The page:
We saw a statistically significant and highly clinically significant improvement in overall survival with the addition of docetaxel for men starting hormone therapy for the first time.… But we also saw no evidence supporting the upfront use of zoledronic acid.
—Nicholas David James, MD, PhD
Our results show that there is no scientific rationale for advocating a strict time limit between primary excision and sentinel node biopsy [in melanoma patients].
—Charlotte Oude Ophuis, MD
We saw no improvement in overall survival when adding IMA901 to first-line sunitinib…. Immune responses need to be significantly improved before further development of IMA901.
—Brian Rini, MD
The 2015 European Cancer Congress (ECC), held recently in Vienna, represented the combined efforts of the European Cancer Organisation (ECCO), the European Society for Medical Oncology (ESMO), and other partner organisations, constituting the largest European platform for oncology education. At this year’s Congress, a global audience heard the first presentations of groundbreaking data, including dozens of “best” and “late-breaking” abstracts, and gained practical insights from some of the world’s foremost clinicians.
The ASCO Post has provided in-depth coverage of the meeting, both in print and online with The ASCO Post Evening News and The ASCO Post Newsreels. With the following brief summaries, we offer more noteworthy research coming out of the meeting.
STAMPEDE Update: No Benefit for Zoledronic Acid
An updated analysis of the STAMPEDE trial, which evaluated the early use of docetaxel and zoledronic acid in advanced prostate cancer, found no benefit of zoledronic acid in reducing deaths or skeletal-related events while confirming the significant overall survival benefit conveyed by docetaxel.1
“We saw a statistically significant and highly clinically significant improvement in overall survival with the addition of docetaxel for men starting hormone therapy for the first time. Docetaxel also significantly prolonged the time to first reported symptomatic skeletal-related event. But we also saw no evidence supporting the upfront use of zoledronic acid,” said Nicholas David James, MD, PhD, Director of the Cancer Research Unit at the University of Warwick and Queen Elizabeth Hospital Birmingham, in the United Kingdom.
For the comparison reported at ECC 2015, STAMPEDE accrued 2,962 advanced hormone therapy–naive prostate cancer patients, either newly diagnosed or relapsed. The current analysis focused on the comparisons between standard treatment with androgen-deprivation therapy with or without radiotherapy (n = 1,184), vs standard treatment plus zoledronic acid (n = 593), docetaxel (n = 592) or the combination (n = 593).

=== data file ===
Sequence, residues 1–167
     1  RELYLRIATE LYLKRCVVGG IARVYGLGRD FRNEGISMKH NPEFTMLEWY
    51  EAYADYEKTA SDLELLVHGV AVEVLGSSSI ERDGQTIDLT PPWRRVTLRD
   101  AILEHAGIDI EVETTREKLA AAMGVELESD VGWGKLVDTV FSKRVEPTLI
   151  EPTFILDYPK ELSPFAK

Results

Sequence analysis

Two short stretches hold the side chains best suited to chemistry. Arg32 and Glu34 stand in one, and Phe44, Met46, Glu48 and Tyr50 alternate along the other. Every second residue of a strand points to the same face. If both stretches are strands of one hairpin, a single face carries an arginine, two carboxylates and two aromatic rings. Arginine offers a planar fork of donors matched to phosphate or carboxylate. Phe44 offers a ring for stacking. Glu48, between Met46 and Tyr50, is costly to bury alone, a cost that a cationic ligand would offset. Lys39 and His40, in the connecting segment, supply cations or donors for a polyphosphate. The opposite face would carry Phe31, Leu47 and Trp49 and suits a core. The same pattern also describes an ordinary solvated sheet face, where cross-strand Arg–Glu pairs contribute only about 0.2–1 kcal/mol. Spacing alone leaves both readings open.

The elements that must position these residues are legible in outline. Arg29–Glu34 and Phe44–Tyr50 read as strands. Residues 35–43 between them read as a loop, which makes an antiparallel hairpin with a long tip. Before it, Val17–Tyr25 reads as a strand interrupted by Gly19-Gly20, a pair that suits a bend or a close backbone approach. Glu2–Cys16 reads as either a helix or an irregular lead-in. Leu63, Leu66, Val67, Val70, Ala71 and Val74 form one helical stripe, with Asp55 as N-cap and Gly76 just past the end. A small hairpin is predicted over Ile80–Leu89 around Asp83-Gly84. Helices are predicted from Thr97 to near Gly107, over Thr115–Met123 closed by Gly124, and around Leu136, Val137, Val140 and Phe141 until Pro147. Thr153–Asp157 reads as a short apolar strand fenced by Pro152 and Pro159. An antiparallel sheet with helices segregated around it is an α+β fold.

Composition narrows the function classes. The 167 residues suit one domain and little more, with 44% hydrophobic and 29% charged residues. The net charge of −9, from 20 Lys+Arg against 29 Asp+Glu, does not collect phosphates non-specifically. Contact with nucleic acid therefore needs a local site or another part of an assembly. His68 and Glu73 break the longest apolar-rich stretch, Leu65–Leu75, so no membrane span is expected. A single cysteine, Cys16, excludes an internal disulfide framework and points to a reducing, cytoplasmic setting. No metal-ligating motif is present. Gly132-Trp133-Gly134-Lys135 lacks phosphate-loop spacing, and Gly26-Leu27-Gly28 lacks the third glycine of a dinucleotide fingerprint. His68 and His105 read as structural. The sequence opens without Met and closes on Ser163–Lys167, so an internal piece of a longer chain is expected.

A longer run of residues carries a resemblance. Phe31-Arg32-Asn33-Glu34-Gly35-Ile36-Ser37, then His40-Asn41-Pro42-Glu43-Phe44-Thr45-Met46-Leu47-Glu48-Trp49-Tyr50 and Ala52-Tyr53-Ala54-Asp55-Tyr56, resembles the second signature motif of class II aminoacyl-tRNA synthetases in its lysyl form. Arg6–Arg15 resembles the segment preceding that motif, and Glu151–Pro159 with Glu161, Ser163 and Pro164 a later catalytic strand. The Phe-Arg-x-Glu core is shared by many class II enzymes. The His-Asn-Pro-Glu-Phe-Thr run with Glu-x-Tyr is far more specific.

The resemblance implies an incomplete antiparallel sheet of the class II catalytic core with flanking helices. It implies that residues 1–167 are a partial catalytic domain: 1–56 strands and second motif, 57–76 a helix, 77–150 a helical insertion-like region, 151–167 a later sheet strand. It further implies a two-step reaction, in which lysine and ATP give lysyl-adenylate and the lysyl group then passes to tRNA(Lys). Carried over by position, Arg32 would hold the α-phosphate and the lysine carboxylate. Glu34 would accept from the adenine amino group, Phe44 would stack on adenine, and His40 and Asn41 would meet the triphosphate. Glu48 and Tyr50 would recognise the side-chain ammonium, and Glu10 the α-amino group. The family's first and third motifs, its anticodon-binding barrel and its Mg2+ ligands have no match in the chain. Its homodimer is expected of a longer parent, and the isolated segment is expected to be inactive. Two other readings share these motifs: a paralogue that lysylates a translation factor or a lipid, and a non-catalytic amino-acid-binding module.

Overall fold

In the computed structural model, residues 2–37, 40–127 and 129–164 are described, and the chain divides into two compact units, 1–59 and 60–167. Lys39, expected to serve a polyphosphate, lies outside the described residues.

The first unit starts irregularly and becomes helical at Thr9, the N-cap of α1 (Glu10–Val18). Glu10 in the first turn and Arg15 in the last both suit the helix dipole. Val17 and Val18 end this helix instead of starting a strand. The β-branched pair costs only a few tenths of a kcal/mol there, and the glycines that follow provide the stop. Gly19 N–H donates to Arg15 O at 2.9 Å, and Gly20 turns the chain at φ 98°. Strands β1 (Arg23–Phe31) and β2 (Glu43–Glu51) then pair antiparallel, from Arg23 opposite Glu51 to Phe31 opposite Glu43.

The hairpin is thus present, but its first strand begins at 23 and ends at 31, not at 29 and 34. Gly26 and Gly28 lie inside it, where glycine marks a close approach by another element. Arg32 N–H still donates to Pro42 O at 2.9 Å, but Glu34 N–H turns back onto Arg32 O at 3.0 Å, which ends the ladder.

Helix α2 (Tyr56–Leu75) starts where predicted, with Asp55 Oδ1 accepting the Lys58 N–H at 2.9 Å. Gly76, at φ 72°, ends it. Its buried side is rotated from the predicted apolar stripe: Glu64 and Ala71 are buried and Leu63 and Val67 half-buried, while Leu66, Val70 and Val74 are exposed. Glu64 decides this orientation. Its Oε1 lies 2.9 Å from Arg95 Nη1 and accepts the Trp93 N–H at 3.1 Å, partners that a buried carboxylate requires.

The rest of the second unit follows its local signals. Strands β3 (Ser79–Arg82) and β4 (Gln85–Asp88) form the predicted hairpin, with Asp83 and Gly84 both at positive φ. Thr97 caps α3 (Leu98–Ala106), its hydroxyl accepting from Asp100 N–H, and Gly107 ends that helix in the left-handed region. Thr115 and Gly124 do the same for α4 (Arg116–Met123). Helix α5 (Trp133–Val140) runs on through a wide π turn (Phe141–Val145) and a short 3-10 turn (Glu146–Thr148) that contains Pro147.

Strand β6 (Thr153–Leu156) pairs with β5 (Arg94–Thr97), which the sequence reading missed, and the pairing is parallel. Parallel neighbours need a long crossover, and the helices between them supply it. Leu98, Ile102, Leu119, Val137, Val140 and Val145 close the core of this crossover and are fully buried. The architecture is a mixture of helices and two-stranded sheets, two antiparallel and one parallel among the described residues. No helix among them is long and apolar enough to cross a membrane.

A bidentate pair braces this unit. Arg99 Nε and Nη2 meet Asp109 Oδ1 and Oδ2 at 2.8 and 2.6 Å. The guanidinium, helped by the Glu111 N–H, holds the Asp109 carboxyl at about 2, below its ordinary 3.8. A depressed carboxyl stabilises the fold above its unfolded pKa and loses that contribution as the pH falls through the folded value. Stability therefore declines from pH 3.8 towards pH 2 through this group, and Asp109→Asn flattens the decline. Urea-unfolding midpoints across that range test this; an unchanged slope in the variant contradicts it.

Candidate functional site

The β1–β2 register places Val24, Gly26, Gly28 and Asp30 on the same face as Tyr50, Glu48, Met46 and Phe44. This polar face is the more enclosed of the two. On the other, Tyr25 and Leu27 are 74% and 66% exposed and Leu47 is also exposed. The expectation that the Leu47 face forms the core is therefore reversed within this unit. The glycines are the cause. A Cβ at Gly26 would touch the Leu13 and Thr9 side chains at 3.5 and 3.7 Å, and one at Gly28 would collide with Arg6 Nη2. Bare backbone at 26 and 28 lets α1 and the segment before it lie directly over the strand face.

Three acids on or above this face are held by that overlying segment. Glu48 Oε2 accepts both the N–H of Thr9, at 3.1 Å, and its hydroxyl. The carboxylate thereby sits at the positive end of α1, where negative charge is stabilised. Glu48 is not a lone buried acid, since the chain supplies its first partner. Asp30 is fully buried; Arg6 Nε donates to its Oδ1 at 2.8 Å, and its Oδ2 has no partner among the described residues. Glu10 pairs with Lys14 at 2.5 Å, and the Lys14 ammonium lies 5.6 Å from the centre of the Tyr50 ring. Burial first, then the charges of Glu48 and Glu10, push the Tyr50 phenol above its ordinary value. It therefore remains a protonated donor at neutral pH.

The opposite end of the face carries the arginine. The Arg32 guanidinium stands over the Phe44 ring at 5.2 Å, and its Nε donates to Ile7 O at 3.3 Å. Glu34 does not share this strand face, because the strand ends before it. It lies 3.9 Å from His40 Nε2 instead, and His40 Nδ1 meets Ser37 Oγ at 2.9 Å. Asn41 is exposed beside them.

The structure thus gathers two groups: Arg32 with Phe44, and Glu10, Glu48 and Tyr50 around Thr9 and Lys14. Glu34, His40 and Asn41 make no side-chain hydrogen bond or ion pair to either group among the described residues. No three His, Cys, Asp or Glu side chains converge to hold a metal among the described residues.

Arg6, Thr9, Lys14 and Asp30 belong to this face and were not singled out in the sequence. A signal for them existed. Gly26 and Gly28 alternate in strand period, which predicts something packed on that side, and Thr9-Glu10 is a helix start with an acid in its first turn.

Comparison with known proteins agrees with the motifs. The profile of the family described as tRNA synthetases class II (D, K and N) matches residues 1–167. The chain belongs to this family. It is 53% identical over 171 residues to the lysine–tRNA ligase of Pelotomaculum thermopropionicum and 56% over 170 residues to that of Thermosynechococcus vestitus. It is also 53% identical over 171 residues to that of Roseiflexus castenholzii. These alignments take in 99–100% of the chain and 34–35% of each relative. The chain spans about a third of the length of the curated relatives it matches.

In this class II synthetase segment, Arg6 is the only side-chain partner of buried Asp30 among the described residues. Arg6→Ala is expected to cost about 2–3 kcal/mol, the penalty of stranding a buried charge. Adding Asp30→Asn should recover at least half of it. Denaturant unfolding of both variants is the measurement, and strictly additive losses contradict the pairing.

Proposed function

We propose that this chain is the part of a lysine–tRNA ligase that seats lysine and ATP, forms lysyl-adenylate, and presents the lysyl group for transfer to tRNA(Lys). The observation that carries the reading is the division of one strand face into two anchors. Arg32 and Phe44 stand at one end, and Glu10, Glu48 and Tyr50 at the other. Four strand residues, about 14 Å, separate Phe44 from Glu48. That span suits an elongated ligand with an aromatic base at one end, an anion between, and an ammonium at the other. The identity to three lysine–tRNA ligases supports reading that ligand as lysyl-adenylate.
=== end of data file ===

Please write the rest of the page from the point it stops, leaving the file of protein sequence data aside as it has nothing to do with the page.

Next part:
Dr. James presented updated data for survival and skeletal-related events, after a median follow-up of 43 months. Compared to standard of care only, the addition of docetaxel, zoledronic acid, or the combination yielded the following hazard ratios for survival: standard treatment plus docetaxel (hazard ratio [HR] = 0.78, P = .006), standard treatment plus zoledronic acid (HR = 0.94, P = .450), standard treatment plus the combination of docetaxel and zoledronic acid (HR = 0.82, P = .022).
Hazard ratios were similar for patients with newly diagnosed and previously treated disease. Patients with metastatic disease at presentation derived the most benefit from docetaxel. Only 20 deaths were observed in the nonmetastatic group receiving docetaxel.
In preventing skeletal-related events, Dr. James said, “Given what might have been expected, we saw a remarkably weak effect” for zoledronic acid—ie, a nonsignificant trend toward delaying events (HR = 0.89, P = .221). Among patients with bone metastases, the trend toward benefit was unexpectedly weak (HR = 0.94, P = .564).
In contrast, docetaxel was associated with a large treatment effect. The number of skeletal-related events was 328 with standard treatment vs 112 with the addition of docetaxel (HR = 0.60, P = .00000127), with similar protection seen among newly diagnosed men with bone metastases. The addition of zoledronic acid to this regimen did not enhance the benefit.
Enzalutamide in Triple-Negative Breast Cancer
In patients with advanced triple-negative breast cancer, treatment with a drug that inhibits the androgen receptor improved overall survival in patients with the relevant gene-expression profile, according to Javier Cortes, MD, PhD, Head of the Breast Cancer Program at Vall d’Hebron University Hospital, Barcelona.2
Triple-negative breast cancer comprises multiple subtypes and oncogenic drivers, including a subtype that may be driven by androgen receptor signaling. Enzalutamide (Xtandi), a potent androgen receptor–signaling inhibitor, significantly improves overall survival in metastatic castration-resistant prostate cancer and is currently being developed for patients with breast cancer who have an androgen-driven gene signature, Dr. Cortes explained.
MDV3100–11 is an open-label study evaluating enzalutamide in 118 patients with advanced triple-negative breast cancer patients, both untreated and previously treated. All patients expressed the androgen receptor, according to immunohistochemistry (> 0%). Previous studies have shown that more than three-fourths of triple-negative tumors express this receptor to some degree.